Have questions? Text or email AskUs@marchofdimes.org.

Do you know the signs of preterm labor?

Wednesday, April 19th, 2017

If you’re pregnant, it’s important to know the signs of preterm labor and what to do if you experience any symptoms. Watch our video with Dr. Siobhan Dolan to learn more:

You can get more information about preterm labor and premature birth on our website.

Have questions? Text or email AskUs@marchofdimes.org.

New research links premature birth to mom’s risk of heart disease later in life

Tuesday, February 21st, 2017

preemie and momThis headline has raised concerns among women who have had a premature baby (birth before 37 weeks) – and for good reason.

In a published study, researchers analyzed data from more than 70,000 women to look at the association between premature delivery and future cardiovascular disease (CVD). They found that women who delivered a baby before 37 weeks gestation in their first pregnancy had a 40 percent greater risk of heart disease later in life, compared to women with term deliveries. This finding occurred even after accounting for pre-pregnancy sociodemographic, lifestyle, and CVD risk factors.

And there’s more.

Women who delivered before 32 weeks gestation had double the risk of CVD later in life compared to women with term deliveries.

So what does this mean for moms who gave birth early?

The results from the study are concerning, but researchers have stated that premature delivery may be an early warning sign of future heart problems, but not the cause of them. Factors such as pre-eclampsia and gestational diabetes, both of which can cause preterm labor, are already considered risk factors for future CVD. More research is needed to determine exactly how premature delivery and CVD are linked.

The March of Dimes funds research to help discover the causes of preterm labor and premature birth. In about half of cases, the cause is unknown. We hope that with our groundbreaking research, we will be able to help prevent premature birth and improve the health of mothers and babies throughout their lifetimes.

If you have questions or concerns about your future risk of CVD, speak with your health care provider.

Three factors you can control to help prevent premature birth

Monday, November 7th, 2016

preemie and momAlthough there are certain risk factors for premature birth that a woman is not able to change, the good news is that there are three risk factors that most women can do something about.

Researchers at the March of Dimes Ohio Collaborative Prematurity Research Center are making big strides. According to their published study, up to one-quarter of preterm births (before 37 weeks of pregnancy) might be prevented if we focused on three risk factors – birth spacing, weight before pregnancy and weight gain during pregnancy.

What did the research show?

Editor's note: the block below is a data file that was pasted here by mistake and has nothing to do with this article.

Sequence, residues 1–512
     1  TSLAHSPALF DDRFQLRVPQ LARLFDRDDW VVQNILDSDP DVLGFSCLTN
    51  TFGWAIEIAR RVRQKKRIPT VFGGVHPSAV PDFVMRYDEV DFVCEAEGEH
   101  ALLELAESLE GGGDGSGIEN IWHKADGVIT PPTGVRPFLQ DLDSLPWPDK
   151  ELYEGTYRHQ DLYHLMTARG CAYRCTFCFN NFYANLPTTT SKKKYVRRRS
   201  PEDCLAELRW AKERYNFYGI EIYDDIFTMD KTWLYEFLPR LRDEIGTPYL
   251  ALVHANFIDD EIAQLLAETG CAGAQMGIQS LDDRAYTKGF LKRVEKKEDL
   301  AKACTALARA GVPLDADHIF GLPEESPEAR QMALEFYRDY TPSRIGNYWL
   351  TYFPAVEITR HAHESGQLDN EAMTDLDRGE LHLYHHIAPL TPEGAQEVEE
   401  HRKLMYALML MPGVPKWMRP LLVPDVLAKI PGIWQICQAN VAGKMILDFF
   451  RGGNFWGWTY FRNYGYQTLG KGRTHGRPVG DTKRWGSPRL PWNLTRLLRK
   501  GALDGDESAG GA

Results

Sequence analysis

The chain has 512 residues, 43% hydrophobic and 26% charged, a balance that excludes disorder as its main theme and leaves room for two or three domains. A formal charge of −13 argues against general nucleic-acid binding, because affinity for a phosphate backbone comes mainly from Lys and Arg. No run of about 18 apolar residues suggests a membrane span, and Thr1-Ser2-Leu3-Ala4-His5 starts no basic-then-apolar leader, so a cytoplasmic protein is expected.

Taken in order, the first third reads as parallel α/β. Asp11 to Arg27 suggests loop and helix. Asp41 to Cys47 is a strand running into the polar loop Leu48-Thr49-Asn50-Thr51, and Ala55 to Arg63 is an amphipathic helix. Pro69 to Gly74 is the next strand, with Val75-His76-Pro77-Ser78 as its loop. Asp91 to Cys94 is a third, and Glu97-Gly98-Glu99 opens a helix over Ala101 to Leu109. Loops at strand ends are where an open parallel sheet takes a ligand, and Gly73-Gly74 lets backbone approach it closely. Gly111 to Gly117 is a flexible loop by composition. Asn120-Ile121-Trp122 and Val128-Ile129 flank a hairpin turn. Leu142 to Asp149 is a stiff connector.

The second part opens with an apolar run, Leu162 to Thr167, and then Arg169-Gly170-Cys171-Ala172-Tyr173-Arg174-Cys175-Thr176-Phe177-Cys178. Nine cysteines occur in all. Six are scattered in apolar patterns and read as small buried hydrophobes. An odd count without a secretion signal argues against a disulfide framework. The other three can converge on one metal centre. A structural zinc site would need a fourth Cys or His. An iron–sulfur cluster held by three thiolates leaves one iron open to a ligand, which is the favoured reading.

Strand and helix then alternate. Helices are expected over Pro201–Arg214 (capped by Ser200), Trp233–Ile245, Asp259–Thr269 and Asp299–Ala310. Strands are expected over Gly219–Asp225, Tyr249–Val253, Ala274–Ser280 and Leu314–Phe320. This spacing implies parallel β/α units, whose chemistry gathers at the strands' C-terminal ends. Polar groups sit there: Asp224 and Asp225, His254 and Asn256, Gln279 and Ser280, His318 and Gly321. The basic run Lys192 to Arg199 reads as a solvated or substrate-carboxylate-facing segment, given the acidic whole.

The study looked at the records of 400,000 single births and found that more than 90% of the women had one of these three risk factors. The women in the study who had less than a year between pregnancies, were underweight before pregnancy and gained too little weight during pregnancy had the highest rates of preterm births – 25.2%, according to the researchers. The good news is that women may have more control over these risk factors than other factors, which can influence preterm births.

Birth spacing

Birth spacing is the period of time between giving birth and getting pregnant again. It’s also called pregnancy spacing or interpregnancy interval (also called IPI). Getting pregnant too soon can increase your next baby’s chances of being born prematurely, as well as being born at a low birthweight or small for gestational age (SGA). It’s best to wait at least 18 months after having a baby before getting pregnant again. If you’re older than 35 or have had a miscarriage or stillbirth, talk to your provider about how long to wait.

Weight before pregnancy

Getting to a healthy weight before pregnancy is important. Women who are overweight or underweight are more likely to have serious pregnancy complications, including giving birth prematurely. How do you know if you’re at a healthy weight? Schedule a preconception checkup with your health care provider. This is the best time to discuss your weight and make sure you’re healthy when you get pregnant.

Weight gain during pregnancy

Gaining too much or too little weight can be harmful to you and your baby. It’s important to gain the right amount of weight for your body. Your provider can help you determine how much weight you need to gain during pregnancy.

Bottom line

There is still much we do not know about the causes of premature birth. But, knowing some things that a woman can do to decrease her chance of giving birth early, is good news.

Check out the cutting edge research our Ohio Collaborative is working on.